I Hope We All Make It.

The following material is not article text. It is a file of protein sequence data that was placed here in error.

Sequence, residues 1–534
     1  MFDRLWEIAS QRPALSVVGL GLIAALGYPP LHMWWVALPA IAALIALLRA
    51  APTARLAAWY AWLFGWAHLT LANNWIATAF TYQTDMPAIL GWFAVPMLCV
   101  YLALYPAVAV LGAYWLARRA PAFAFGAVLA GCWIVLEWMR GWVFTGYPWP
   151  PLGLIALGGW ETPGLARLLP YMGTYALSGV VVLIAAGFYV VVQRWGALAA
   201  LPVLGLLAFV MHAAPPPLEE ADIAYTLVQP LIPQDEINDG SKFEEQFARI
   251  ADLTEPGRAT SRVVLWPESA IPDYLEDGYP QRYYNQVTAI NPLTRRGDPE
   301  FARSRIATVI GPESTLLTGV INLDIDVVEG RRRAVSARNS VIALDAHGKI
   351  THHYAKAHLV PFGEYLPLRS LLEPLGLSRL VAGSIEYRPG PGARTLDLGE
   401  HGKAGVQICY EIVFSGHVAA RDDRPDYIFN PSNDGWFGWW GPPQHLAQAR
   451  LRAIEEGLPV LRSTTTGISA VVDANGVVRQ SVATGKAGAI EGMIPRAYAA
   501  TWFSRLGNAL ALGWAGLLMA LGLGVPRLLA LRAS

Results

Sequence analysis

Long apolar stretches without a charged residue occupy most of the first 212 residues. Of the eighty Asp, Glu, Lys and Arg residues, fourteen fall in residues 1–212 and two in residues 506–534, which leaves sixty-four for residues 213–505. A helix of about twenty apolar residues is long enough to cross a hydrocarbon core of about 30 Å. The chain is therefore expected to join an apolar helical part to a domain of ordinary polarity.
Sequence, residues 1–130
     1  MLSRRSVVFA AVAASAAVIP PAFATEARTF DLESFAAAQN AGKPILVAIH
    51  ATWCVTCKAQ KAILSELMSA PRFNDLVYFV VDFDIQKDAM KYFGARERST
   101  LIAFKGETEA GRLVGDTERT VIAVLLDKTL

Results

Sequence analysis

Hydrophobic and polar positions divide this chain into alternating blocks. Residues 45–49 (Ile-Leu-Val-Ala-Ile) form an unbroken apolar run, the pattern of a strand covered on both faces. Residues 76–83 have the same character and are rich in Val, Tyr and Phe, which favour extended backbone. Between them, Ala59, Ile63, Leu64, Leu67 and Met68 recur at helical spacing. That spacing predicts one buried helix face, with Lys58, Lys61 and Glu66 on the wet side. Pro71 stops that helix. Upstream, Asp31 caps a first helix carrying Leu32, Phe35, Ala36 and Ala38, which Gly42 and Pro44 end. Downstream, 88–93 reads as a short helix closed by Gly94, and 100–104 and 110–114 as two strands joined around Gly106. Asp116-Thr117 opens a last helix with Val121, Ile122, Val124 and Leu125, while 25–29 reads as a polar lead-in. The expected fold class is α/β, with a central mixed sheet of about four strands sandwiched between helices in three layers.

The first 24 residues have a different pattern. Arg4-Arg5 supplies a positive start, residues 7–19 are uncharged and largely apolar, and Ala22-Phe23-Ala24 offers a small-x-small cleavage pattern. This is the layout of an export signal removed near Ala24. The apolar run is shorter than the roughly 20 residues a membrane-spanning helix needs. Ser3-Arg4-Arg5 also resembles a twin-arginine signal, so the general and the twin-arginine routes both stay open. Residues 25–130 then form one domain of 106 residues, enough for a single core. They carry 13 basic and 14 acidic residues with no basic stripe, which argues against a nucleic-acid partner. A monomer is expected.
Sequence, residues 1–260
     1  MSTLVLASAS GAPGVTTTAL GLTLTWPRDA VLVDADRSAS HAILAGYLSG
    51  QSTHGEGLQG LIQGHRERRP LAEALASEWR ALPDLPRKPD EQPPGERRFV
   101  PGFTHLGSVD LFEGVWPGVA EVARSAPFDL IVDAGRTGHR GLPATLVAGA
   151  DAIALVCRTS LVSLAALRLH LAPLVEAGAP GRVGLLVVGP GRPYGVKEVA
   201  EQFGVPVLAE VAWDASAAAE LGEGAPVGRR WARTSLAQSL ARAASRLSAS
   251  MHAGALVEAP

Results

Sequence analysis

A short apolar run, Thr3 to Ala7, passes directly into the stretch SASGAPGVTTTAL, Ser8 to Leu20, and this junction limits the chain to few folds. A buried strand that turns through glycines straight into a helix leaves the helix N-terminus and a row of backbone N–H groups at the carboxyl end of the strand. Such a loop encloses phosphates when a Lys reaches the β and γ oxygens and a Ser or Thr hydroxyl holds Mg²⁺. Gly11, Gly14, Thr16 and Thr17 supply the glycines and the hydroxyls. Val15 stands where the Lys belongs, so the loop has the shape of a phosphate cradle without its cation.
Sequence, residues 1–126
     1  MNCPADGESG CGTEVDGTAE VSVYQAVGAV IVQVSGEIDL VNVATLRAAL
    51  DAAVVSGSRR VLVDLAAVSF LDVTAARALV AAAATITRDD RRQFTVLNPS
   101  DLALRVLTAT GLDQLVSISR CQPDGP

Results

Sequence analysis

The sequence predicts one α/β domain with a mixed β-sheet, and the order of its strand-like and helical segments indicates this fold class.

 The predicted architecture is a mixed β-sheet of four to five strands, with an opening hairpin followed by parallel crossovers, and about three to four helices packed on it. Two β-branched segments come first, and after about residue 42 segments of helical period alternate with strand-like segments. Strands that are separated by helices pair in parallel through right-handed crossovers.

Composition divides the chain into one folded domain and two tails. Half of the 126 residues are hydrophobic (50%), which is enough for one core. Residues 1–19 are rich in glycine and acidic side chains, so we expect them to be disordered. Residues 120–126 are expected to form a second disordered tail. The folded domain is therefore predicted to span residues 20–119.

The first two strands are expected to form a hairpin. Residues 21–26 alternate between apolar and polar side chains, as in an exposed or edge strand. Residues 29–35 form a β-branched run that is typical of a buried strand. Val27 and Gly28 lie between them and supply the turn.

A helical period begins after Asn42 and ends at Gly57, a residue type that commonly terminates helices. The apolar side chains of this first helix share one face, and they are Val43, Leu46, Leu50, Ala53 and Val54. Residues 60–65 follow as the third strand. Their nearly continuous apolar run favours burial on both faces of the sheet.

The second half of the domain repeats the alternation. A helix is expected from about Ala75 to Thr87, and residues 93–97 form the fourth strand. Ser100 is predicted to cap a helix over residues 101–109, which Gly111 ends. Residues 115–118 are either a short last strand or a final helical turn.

I never tire of seeing this poem.  Ever.  I came across it on Instagram yesterday and was reminded of the first time I ever saw it.  The therapist that I’ve mentioned a million times here gave it to me.  I realize now that it must have been frustrating for her to see me week after week, give me tools, and watch me not use any of them. I see other people do it and it frustrates me. I’m fortunate that I did have these resources available to me and people who pushed me to eventually use them.  I had people who loved me and wouldn’t let me drink myself to death.  This poem was posted on Instagram yesterday and it stopped me mid scroll. I read the poem for the thousandth time. All the feels came over me.  I used to carry this poem with me in a journal.  I always felt the power in it’s simple message and understood that this was for me. I just wasn’t ready to “walk down another street.”  When I arrived at the treatment center where I finally got sober, this poem was with me.  Honestly, all sorts of things were with me.  I can’t seem to go places without ALL the books, ALL the journals and ALL the pens.  Even when I was too drunk to read any of the books or write coherently in my journals. I’m sure I arrived with a stack of self help/therapy books and handouts. The poem found its way to the refrigerator in the “home” I shared with the other women. I wanted the other women to be able to see it every day.  I wanted to share any inspiration I had with these women.  I wanted to see them get better.  I wanted to see them “walk down another street.” My heart hurt for all of us in that place.  Yesterday, when I saw this poem it brought back a flood of memories.  When I was in that center, I decided that I was going to be sober because I needed to live.  Not because I necessarily wanted to live.  Not because I thought I was worthy of anything that remotely looked like a happy life, but ultimately, staying alive to be a mother to my children was the goal.  I had been in therapy for quite a while as well as going to DBT groups.  You can read about DBT here. I had been going to AA meetings and I owned every self help book ever written.  Not that I ever used any of those tools, but they were there waiting for me to pick them up.  I began with positive affirmations.  As hokey as that was to me. I went to the office where all the rehab “therapists” were and asked to borrow Post It notes. I was denied by the woman I asked because clearly, she was a bitch. And I told her that. Then I got “rehab reprimanded” for letting her know I thought she was a bitch. I probably cried and carried on in a dramatic way after I left the office. I use that word “probably” loosely here. By the end of the day, I had Post It notes in my hand. I wrote affirmations on the Post It notes and put them all over my bedroom walls as well as on the mirror in the bathroom.  My housemates asked me to write affirmations for them. Soon, the ladies from the other houses at the facility were asking me to write affirmations for them. I spent my mornings writing affirmations for all of the women in the center. These women would come find me in the morning and ask me if I had post it note for them. I always did.  I remember so clearly how happy these little Post It notes made them. I believed every positive word I wrote for these women. I believed they were strong, smart, capable, loved, powerful and every other lovely thing I wrote. But I didn’t believe I was any of those things. It occurred to me as I read this poem today that this was where the me who inspires, supports and empowers women was born. It was born from a place of needing to be inspired, supported and empowered. I didn’t believe these lovely things were true about me, but the hope and joy they brought to the women around me was everything. Every word I wrote were the words I needed to hear. I could see the trauma, the pain and the grief that had brought them to this place, but I couldn’t see my own. Writing these affirmations gave me a sense of purpose. It was a positive act that was also an esteem building exercise. In my own small way, I was being of service to others. Ahhhhhhhh. What a concept.  One that up until this point, I had only heard in AA.  Up until this very moment, I didn’t even realize that’s what I was doing.  Acts of service and esteem building exercises were out of my normal realm. Up until this point, I had been tearing myself down day by day. This was surely the beginning of me learning to love myself. After I left treatment, and went back into the real world, I went public with my sobriety. Being social media drunk was never a secret, so there was no reason to keep my sobriety a secret. Social media has always been a great tool for my recovery. I follow tons of great sober Instagram accounts. I belong to FB recovery groups. I read blogs by women just like me. In fact, those blogs were where I first REALLY felt like there were people I could relate to in this world.  I began to use my own social media pages as a way to share my story and the message of recovery. A message of hope.   People tell me all the time that I inspire them. And I love it. It brings me joy. I love to see people win and if I can support that in some small way, I’m all about it.  But, honestly,  I never set out to inspire anyone. We all have a story.  I just knew I was supposed to share mine.  Being able to write in a way that connects with people is a gift and who am I to not use that gift?  And oh my goodness…..I had no idea how many people would resonate with my words.  I have met and connected to so many amazing people because someone sent them to my blog, my FB page or my Instagram.  I have connected to people’s sisters, cousins, mother in laws, friends of friends, random strangers and my personal favorite is when my therapist friends send their patients to my blog or to my yoga classes.  When a woman walks into my studio and says her therapist “sent her”  and I can see that she’s slightly terrified…I love that the most! I love it because I was that terrified woman going into the yoga class because my therapist said it would be good for me. It’s all so beautiful to me. Friday I had lunch with a woman I met through a mutual friend. I had met this woman exactly one time and I think it must have been two years ago. But we are connected on social media, so it’s kind of like knowing her without really knowing HER. Social media is weird. I know lots of people feel like they know me. And….they sort of do, but you can’t really know someone without spending time with them.  The lunch came about in a random way because I followed my gut and reached out to her rather than ignoring my intuition. This sweet woman, and she is sweet but really, she is a 75 year old complete bad ass, told me that she reads everything I write. She told me that I inspire her and so many other women. She was full of kind words for me and she did it in a graceful way that didn’t embarrass me or cause me to go all weird and awkward.  We were instant friends and it felt like we had known each other forever. It was comfortable. She talked about her daughter during lunch. I had absolutely no idea that she lost her daughter to an accidental alcohol and pill overdose 15 years ago. In that moment I knew exactly why we were together at lunch. In that moment I understood our heart to heart connection and why my intuition had led me to her. It was a powerful reminder of WHY I share my story. A reminder of why it’s important for me to inspire, support and empower the people around me. I know how it feels to be at the bottom. I love to watch people rise. I share my story in service.  It’s part of my path. It’s not about me. It’s about the person I was almost 6 years ago. It’s about the person still struggling who believes they are broken beyond repair. It’s about the person who doesn’t believe they are worthy of love or happiness. I share my story because I am alive to share it. It’s one of those things that I know I am supposed to do. The Universe confirms this for me time and time again in so many ways. I am honored every time someone reaches out to me because they read something I wrote and were touched by it in some way.  I truly am. I hope we all make it. I hope we all get to experience every beautiful thing that this life has to offer. ♥️